Log in or register to post comments

Sorry dogs aren't "wild". They have been domesticated for thousands of years.
A dog is also a sentient being, we don't own them, we are their "guardians".

Do a little research first please.
Domesticated dogs are just that, domesticated. Wild dogs, dingoes etc are not.
Yes, their actions can be predicted with observation.
We rescue animals including dogs, I speak from experience.
Move onto photography or something else suitable for this forum.

Replace dog with human and let me know if you can "predict" them any better.

Go read a book
And don't yammer on about subjects you have no knowledge of.

tired of this trolling, I'm going out to walk some dogs and enjoy life.

You constantly like to use your film background as an appeal to authority to get people to put more stock into your crusade against film. Well in this case, you have an expert in dogs, and now the anthropologist sitting here next to me telling you that you literally don't have the slightest clue what you are talking about.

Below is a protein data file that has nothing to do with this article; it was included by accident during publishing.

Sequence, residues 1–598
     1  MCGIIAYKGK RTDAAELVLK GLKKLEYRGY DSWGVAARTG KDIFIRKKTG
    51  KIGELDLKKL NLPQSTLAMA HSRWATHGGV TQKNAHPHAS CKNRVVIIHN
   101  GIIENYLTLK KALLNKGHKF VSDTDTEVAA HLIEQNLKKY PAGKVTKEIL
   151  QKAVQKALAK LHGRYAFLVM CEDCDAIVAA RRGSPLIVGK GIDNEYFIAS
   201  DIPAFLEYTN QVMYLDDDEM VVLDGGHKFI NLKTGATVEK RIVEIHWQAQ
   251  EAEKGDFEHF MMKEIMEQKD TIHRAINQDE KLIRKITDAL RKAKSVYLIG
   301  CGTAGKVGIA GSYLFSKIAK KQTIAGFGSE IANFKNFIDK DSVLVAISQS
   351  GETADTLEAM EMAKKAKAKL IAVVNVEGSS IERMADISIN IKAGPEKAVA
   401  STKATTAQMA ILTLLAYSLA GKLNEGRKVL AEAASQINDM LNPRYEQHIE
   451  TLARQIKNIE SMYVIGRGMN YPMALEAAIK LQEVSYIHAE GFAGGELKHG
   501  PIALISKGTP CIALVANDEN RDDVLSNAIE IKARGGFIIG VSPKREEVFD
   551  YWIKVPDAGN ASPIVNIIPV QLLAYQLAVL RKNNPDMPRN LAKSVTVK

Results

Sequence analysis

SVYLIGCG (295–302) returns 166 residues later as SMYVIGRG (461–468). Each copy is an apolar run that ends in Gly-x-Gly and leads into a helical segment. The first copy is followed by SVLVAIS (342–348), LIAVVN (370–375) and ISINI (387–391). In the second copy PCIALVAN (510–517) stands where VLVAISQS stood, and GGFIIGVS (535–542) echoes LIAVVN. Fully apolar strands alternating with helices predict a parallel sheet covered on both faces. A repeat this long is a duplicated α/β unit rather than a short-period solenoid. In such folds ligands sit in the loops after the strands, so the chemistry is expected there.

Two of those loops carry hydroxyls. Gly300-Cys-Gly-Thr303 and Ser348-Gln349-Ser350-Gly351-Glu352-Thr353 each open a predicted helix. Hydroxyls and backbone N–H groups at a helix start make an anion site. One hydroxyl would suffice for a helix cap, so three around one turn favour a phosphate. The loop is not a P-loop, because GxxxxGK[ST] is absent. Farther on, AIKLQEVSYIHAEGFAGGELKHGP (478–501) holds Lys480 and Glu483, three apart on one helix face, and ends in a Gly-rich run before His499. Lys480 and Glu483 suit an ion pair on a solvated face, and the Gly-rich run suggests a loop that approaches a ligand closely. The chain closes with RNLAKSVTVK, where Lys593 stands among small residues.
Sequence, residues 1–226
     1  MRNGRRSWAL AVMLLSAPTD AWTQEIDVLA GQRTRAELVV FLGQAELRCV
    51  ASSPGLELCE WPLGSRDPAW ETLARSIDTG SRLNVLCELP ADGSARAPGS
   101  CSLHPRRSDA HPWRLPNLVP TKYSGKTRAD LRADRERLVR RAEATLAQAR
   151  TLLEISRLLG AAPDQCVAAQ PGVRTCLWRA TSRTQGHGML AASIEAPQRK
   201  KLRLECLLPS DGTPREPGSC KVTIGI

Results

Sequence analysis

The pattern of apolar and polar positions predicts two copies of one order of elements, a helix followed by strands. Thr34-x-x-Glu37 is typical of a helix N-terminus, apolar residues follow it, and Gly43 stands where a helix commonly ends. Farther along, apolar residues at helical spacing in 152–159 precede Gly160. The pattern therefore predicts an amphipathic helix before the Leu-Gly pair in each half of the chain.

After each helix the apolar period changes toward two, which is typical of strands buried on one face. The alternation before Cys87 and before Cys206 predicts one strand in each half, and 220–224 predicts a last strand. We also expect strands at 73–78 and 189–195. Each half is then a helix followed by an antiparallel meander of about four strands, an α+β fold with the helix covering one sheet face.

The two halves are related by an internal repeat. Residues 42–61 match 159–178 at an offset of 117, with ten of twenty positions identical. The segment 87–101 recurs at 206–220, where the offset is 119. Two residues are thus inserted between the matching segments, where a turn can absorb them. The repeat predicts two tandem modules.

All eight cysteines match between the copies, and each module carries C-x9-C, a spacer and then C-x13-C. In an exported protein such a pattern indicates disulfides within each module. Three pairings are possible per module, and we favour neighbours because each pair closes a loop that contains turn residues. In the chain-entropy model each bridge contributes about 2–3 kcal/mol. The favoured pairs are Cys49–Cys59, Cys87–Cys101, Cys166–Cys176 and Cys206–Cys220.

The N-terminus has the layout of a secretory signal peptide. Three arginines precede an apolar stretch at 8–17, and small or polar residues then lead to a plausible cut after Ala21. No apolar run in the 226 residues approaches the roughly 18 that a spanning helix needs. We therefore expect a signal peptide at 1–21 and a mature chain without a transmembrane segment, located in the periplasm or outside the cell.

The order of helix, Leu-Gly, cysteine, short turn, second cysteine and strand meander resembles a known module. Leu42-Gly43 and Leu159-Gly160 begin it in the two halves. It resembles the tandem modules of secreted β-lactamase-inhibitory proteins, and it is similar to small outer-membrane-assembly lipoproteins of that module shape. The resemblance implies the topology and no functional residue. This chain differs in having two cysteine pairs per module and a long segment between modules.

Dogs are domestic...not wild. They have genetic and physical traits that separate them from wild animals.

You are beyond ignorant and really need to are flat out wrong

No, you haven't, and yes, you very much so are.

Pete - I'll have to assume you're a postman, but I know you're a douche!

Dogs are not wild, they do communicate, it's typically a matter of humans not understanding or respecting them when they do try to communicate. It's sort of like how people don't understand how autistic children communicate when they are young so they assume that they cannot communicate. It's a matter of being on different wavelengths and expecting the dogs and the autistic children to be able to understand and communicate with them instead of vice versa and communication going both ways.

There are more factors which play into it, but typically, dog bites and so-called attacks are predictable. If people would bother to learn to communicate properly. Dogs are actually much more civilized than humans in most cases. If you give them a chance, you might realize that they are actually incredible, but they are also dependant on humans.